ECUADOR: PROVINCIA MORONA SANTIAGO: 2.2 km N San Juan Bosco (2.0070°S, 77.9348°W), 1013 m (QCAZ 26429-37, 26439); Nueve de Octubre, on the road Guamote-Macas (2.2445°S, 78.2074°W), 1527 m (QCAZ 32268, 37639); Méndez (2.7145°S, 78.3153°W), 500 m (QCAZ 1006-07); Km 65 on the road Macas-Méndez (2.68083°S, 78.23341°W), 540 m (QCAZ 15904-06, 15999); 13 km N from Limón (2.8895°S, 78.3952°W), 800 m (QCAZ 27317-23, 27325); Limón Indanza (2.9796°S, 78.4414°W), 800-1560 m (QCAZ 8572, 25958, 26407, 26555, 26562, 31866, 32831, 32834, 32836, 32842, 39642, 40027, 41932-33, 41992, 42001, 42017-18, 42022, 42026, 42037, 42039-40, 42055, 42236); Plan de Milagro-Limón, 4.3 km WSW Limón (3.0118°S, 78.4784°W), 1373-1560 m (QCAZ 26376-85, 26400-01, 41894, 41897, 41898); 3 km Limón-Indanza, on the road to Gualaquiza (3.0489°S, 78.5007°W), 950 m (QCAZ 48176-78); on the road Indanza-Gualaquiza (3.1435°S, 78.5359°W), 1277 m (QCAZ 26421-22); Bosque Protector Abanico, 1646-1720 m (QCAZ 49029, 49034).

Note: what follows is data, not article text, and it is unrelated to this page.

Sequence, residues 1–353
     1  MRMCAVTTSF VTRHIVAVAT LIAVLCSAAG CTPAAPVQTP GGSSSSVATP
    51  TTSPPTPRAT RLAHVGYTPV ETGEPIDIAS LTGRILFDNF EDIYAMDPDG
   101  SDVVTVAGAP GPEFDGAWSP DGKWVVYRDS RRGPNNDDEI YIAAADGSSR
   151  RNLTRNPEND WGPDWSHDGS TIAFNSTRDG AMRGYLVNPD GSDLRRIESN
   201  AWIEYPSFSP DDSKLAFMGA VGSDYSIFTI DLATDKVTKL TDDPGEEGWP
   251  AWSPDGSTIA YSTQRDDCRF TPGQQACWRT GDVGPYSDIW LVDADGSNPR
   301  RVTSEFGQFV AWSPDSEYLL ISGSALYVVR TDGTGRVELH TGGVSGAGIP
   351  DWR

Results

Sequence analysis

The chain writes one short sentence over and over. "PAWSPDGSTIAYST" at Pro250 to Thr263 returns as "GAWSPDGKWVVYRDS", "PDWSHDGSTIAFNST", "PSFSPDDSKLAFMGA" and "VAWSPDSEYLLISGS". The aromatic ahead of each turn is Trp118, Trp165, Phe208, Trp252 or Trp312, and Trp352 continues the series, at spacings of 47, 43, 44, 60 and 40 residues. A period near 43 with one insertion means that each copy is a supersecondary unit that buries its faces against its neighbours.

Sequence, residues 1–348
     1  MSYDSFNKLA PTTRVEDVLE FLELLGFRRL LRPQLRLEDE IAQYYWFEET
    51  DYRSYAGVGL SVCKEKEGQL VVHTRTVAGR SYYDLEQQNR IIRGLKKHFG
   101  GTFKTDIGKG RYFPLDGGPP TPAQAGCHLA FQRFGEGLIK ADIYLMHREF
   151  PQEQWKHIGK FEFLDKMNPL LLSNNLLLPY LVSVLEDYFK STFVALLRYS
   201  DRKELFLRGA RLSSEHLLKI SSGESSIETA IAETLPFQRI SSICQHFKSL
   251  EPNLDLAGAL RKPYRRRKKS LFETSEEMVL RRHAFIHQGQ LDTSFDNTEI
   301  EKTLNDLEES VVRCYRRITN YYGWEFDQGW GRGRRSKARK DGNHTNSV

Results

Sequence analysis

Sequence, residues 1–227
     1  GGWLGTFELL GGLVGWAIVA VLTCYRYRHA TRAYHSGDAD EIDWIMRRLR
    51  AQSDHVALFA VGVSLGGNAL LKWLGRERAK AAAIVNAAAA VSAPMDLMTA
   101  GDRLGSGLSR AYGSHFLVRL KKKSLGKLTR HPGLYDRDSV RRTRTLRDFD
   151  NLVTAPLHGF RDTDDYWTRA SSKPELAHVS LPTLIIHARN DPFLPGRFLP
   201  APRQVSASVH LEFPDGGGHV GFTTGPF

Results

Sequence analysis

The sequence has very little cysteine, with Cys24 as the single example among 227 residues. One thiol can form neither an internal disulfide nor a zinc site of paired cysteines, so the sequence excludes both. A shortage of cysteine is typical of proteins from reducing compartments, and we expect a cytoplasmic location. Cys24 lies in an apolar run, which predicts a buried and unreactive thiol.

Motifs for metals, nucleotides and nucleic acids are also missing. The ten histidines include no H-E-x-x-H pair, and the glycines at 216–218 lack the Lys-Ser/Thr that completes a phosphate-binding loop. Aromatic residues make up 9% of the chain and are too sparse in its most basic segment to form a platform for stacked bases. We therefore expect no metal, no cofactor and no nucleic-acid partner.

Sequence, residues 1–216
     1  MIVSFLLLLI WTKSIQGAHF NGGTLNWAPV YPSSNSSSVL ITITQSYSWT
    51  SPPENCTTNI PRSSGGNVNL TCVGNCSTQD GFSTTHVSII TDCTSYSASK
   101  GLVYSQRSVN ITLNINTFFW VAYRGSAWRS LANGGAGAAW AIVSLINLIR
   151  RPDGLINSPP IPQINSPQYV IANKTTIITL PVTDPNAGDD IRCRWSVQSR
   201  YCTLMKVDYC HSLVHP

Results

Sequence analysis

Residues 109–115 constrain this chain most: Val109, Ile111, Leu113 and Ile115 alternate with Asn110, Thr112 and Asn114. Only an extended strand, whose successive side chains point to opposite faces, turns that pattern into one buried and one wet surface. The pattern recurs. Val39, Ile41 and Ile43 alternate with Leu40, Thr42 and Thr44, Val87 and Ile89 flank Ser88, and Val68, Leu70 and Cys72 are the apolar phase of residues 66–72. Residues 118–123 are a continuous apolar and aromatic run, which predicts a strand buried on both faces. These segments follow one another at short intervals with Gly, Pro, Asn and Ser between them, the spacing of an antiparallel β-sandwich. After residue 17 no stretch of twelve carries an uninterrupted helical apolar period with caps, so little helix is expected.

A member of the genus Hypsiboas characterized by: (1) mean SVL 37.64 mm in males (range 34.31-44.56; n = 23), 48.11 mm in females (range 37.80-51.94; n = 4); (2) basal webbing on fingers; (3) calcar large, conical; (4) dorsal coloration varying from cream to reddish brown, grayish brown or pale brown, sometimes with dark marks (e.g., broad transversal bands or narrow longitudinal lines); (5) dark brown middorsal line often present; (6) flanks pale cream or creamy white (in life, blue in large females and light blue or white in males) with thin dark brown vertical bars; (7) hidden surfaces of thighs pale cream or creamy white (in life, blue in large females and light blue or white in males) with thin dark brown transversal bars; (8) ventral surfaces of thighs creamy white or yellowish white; (9) venter creamy white or yellowish white; (10) webbing on feet; (11) in life, iris cream or creamy silver with an upper yellow to orange band; (12) prepollical spine present in males.